AFTER setting up Extra Box, its multi-room service in June 2014, BT has begun blocking unauthorised set top boxes.
For years, many BT customers have been buying additional set top boxes from third parties as it enabled them to watch both freeview and premium channels in various rooms without any additional cost from BT.
However as this was not officially sanctioned by the provider, these customers are now being told they need to pay for an authorised box from BT (costing £99) if they want to continue watching premium channels in other rooms.
Towards the end of August customers using additional boxes discovered messages on their TV screens stating that they needed an Extra Box subscription to get premium channels on devices other then the main one supplied by BT.
Most customers accepted the additional £5 a month cost but some were less than happy when they discovered that they were unable to receive premium services through YouView G4 or YouView+ boxes, which should be compatible with the multi-room service.
It was after contacting BT that users discovered only equipment supplied by BT would work, regardless of whether it was the correct model.
To add insult to injury customers also found that the BT Humax box, which was provided when the telco initially began offering TV services, was also not compatible with multi-room.
Comments on the BT forum reveal how unhappy customers are with the situation.
One said he was politely informed that he needed to nominate one box or take out a multi-room subscription after BT detected two active boxes. "Initially I nominated the G4 downstairs but since then decided I would go for the multi-room service", the customer wrote.
"[I was then told] I would have to buy a third BTYouview box because multi-room will not work on the BTHumax box initially provided when I moved over to Youview. So as well as the monthly fee I would have to pay £100 for a third box!!!"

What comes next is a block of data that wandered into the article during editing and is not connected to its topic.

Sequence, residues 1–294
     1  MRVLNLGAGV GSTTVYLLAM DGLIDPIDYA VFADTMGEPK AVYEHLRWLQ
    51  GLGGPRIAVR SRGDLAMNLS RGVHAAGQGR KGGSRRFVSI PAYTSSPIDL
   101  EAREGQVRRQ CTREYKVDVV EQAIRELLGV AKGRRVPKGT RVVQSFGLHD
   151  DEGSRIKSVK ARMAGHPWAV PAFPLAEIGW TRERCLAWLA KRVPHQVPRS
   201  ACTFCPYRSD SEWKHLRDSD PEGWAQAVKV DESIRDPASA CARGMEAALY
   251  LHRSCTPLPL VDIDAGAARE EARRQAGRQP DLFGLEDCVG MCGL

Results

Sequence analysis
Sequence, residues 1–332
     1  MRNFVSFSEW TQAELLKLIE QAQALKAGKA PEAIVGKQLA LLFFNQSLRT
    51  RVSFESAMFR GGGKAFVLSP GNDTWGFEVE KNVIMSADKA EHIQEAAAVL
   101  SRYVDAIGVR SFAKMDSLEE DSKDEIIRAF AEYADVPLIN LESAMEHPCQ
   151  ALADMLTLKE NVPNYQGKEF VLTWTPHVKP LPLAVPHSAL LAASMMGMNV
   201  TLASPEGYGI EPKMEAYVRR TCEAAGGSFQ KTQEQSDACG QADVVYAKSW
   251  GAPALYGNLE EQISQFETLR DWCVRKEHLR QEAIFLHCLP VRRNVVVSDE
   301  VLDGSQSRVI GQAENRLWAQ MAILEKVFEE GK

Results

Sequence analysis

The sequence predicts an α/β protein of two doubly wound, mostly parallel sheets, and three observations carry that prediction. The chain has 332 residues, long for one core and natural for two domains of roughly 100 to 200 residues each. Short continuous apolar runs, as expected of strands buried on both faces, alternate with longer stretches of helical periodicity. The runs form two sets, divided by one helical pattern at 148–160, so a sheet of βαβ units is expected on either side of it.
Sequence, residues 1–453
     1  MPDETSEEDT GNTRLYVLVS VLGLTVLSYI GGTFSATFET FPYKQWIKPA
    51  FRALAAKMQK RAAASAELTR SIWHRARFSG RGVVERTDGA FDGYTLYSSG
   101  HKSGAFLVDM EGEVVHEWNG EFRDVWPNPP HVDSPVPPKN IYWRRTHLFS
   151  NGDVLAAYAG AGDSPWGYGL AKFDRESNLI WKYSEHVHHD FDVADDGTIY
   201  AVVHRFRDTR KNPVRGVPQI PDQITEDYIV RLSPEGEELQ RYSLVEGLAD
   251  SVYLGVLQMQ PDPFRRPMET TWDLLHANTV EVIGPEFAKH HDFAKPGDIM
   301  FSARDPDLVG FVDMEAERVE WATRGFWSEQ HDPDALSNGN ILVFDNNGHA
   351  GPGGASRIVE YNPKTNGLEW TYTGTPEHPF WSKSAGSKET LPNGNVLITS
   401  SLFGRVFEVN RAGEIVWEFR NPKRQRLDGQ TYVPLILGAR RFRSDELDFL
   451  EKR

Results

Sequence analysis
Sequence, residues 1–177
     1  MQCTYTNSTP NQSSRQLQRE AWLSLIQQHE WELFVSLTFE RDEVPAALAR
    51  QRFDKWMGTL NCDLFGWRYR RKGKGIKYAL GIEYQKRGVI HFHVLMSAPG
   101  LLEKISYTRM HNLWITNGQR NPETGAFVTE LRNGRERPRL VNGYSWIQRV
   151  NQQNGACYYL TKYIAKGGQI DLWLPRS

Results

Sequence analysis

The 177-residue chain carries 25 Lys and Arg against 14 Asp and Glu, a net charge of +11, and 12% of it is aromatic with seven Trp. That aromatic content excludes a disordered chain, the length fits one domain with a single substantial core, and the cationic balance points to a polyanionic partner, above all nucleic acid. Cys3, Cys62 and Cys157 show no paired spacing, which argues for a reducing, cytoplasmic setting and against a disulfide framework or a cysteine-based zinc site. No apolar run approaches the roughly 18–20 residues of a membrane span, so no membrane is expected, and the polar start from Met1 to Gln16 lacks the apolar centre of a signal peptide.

The customer subsequently declined the Extra Box service.
While BT's move has understandably upset some of its customers, it's not really a surprise that it has decided to clamp down on what was technically a "free" service that their competitors charge handsomely for.
Sky customers are charged £11.25 per month per additional room. Therefore if a customer wants to have three boxes, they will be charged an additional £22.50 on top of their subscription.
The provider offers a free second HD set top box so that does make up somewhat for the extra monthly fee. Other additional boxes are charged at £49 each.
Virgin customers have to pay £6.50 a month with an additional £5 if they opt for a Tivo box. Depending on which model they opt for subsequent Tivos will cost between £50-100 while Virgin's standard box will be provided for free.
So while BT's monthly costs are lower, the other providers are perhaps more competitive in the provision of hardware. Not least because BT supports just the one additional box. Virgin on the other hand allows customers to have up to five, while Sky supports up to eight.
It's perhaps an understatement to say that the pay TV marketplace is highly competitive and this is only likely to become increasingly fierce in the coming months and years.
BT certainly made a statement of intent with the launch of its sports offerings, emphasised by tying in the launch of Extra Box with the Fifa World Cup.
As the company focuses more upon its range of TV services, customers can expect to see even more advantages being introduced in the not too distant future.
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